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How To Boost Gratitude. And Why You Should Want To.

Why should we care so much about gratitude? Here are three reasons:

  • Easy to apply: There are a wide range of practices — you can count your blessings, write a letter of gratitude to someone, talk to someone about how important they are to you, or even shift your ungrateful thoughts.
  • Mutually beneficial: when you express gratitude it is beneficial for yourself and for the recipient.
  • Physical and psychological impact: a double-positive benefit comes from expressing gratitude.

Gratitude is an important and universal character strength  and one of the 24 that has gotten the most attention by scientists and laypeople since the release of the VIA Classification. Study after study shows gratitude is an effective intervention to engage in. Here are four of the newest findings from researchers:

1.) Grateful reflection is associated with less stress and depression.

Your practice: Pinpoint a specific instance in which someone did something for you that you are particularly grateful for. Picture this situation clearly in your mind. Allow it to play out like a movie. Feel the positive feelings that arise as you do this.

2.) Reflecting on death can enhance gratitude.

Your practice: Consider the impermanence of your life — your “time-limited” nature. Who is most important in your life and someone you want to increase your quality time with? What matters most to you to do in this one life you have?

3.) People who are high in curiosity are more likely to practice gratitude.

Your practice: Build curiosity by asking questions of each person you meet. Take an exploratory approach in which you attempt to learn something interesting about the person. No doubt, you’ll be grateful to have had the opportunity to connect and you’ll be building your feelings of interest and intrigue.

4.) Spirituality can facilitate gratitude. 

Your practice: Since spiritual activities can promote opportunities for gratitude, consider this: Where do you feel you can experience and be present to the sacred? Perhaps in nature, at a church sanctuary, or a quiet space in your home? Take time to convene in this sacred space and be present to the world around you. Allow feelings of gratitude to flow through you.

These practices are great, but why is gratitude not enough on Thanksgiving?

It’s lovely that there’s a day to celebrate the strength of gratitude and unleash it upon your family. It’s especially important for those that are typically mindless to what matters most in their life. But, for the rest of us, we can certainly do better than express a positive quality like gratitude one day per year.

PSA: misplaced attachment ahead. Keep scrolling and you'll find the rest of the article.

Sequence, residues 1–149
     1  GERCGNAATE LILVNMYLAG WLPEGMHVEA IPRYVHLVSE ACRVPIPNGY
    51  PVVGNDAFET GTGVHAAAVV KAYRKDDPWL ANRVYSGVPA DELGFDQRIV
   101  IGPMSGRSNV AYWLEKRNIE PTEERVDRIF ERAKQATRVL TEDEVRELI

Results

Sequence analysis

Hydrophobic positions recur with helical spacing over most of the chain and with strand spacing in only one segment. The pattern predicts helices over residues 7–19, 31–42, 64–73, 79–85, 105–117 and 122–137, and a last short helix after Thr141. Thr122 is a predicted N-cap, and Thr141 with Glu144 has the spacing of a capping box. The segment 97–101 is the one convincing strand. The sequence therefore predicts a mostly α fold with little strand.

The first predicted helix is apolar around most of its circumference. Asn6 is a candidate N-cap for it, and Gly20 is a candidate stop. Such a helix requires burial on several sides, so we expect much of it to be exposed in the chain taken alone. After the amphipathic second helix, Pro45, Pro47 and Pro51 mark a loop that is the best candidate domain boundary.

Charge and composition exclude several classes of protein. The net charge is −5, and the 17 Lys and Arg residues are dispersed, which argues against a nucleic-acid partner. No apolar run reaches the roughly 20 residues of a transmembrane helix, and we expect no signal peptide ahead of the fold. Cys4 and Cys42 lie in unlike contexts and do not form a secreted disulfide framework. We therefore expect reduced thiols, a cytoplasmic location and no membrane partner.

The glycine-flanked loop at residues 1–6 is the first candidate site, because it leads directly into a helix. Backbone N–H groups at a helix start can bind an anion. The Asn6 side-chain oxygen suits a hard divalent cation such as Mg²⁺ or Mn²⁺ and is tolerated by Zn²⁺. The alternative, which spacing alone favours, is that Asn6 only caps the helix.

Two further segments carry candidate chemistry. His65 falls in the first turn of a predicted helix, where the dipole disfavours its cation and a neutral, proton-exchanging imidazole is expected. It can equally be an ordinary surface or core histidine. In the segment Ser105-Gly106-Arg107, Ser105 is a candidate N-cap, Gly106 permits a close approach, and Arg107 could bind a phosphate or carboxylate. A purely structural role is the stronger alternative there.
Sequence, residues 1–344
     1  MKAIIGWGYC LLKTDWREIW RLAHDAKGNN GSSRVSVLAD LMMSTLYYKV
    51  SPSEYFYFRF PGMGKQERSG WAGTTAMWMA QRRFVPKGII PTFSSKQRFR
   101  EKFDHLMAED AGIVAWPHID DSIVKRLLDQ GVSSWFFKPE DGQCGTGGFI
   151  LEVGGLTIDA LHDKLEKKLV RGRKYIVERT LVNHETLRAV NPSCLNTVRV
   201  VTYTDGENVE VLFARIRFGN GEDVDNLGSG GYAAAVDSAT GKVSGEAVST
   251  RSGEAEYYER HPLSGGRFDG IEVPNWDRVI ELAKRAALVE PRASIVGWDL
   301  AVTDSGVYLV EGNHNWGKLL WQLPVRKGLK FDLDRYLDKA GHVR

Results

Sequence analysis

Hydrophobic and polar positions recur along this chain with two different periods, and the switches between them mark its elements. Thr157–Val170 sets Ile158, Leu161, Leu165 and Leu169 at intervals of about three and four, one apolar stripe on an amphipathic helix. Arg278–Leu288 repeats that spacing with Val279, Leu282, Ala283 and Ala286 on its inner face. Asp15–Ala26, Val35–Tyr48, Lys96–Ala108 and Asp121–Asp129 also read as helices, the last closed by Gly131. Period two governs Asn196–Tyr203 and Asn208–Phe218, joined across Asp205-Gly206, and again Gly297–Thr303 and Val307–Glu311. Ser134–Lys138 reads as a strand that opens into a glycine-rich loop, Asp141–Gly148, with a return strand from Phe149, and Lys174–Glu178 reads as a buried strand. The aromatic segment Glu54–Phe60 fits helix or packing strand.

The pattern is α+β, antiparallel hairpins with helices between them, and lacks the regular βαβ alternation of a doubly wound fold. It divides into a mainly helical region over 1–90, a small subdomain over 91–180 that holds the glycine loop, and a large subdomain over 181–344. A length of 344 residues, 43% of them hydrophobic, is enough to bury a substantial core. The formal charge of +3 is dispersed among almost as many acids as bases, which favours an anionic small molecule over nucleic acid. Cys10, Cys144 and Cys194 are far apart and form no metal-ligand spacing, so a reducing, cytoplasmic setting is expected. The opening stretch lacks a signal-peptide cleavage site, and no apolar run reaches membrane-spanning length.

What’s more, it’s limiting to target just one character strength. You have 24 special personality traits that you can turn to if you want to impact others or yourself in a positive way.

Now that the Thanksgiving holiday is over, how might you express as many of these strengths as possible going forward?

References:

Frias, A., Watkins, P. C., Webber, A. C., & Froh, J. J. (2011). Death and gratitude: Death reflection enhances gratitude. Journal of Positive Psychology, 6(2), 154-162.

Gander, F., Proyer, R. T., Ruch, W., & Wyss, T. (2012). Strength-based positive interventions: Further evidence for their potential in enhancing well-being. Journal of Happiness Studies.

Kaczmarek, L. D., Kashdan, T. B., Kleiman, E. M., Baczkowski, B., Enko, J., Siebers, A., Szäefer, A., Król, M., & Baran, B. (2013). Who self-initiates gratitude interventions in daily life? An examination of intentions, curiosity, depressive symptoms, and life satisfaction. Personality and Individual Differences, 55, 805-810.

Mills, P. J., Redwine, L., Wilson, K., Pung, M. A., Chinh, K., Greenberg, B. H., Lunde, O., Maisel, A., Raisinghani, A., Wood, A., & Chopra, D. (2015). The role of gratitude in spiritual well-being in asymptomatic heart failure patients. Spirituality in Clinical Practice, 2(1), 5-17.

O’ Leary, K., & Dockray, S. (2015). The effects of two novel gratitude and mindfulness interventions on well-being. Journal of Alternative and Complementary Medicine, 21(4), 242-245. doi: 10.1089/acm.2014.0119. Epub 2015 Mar 31.

Rosmarin, D. H., Pirutinsky, S., Cohen, A. B., Galler, Y., & Krumrei, E. J. (2011). Grateful to God or just plain grateful? A comparison of religious and general gratitude. Journal of Positive Psychology, 6(5), 389-396.

How To Boost Gratitude. And Why You Should Want To.


Ryan M. Niemiec, Psy.D


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APA Reference
Niemiec, R. (2019). How To Boost Gratitude. And Why You Should Want To.. Psych Central. Retrieved on November 18, 2019, from https://blogs.psychcentral.com/character-strengths/2015/12/how-to-boost-gratitude-and-why-you-should-want-to/

 

Last updated: 25 Mar 2019
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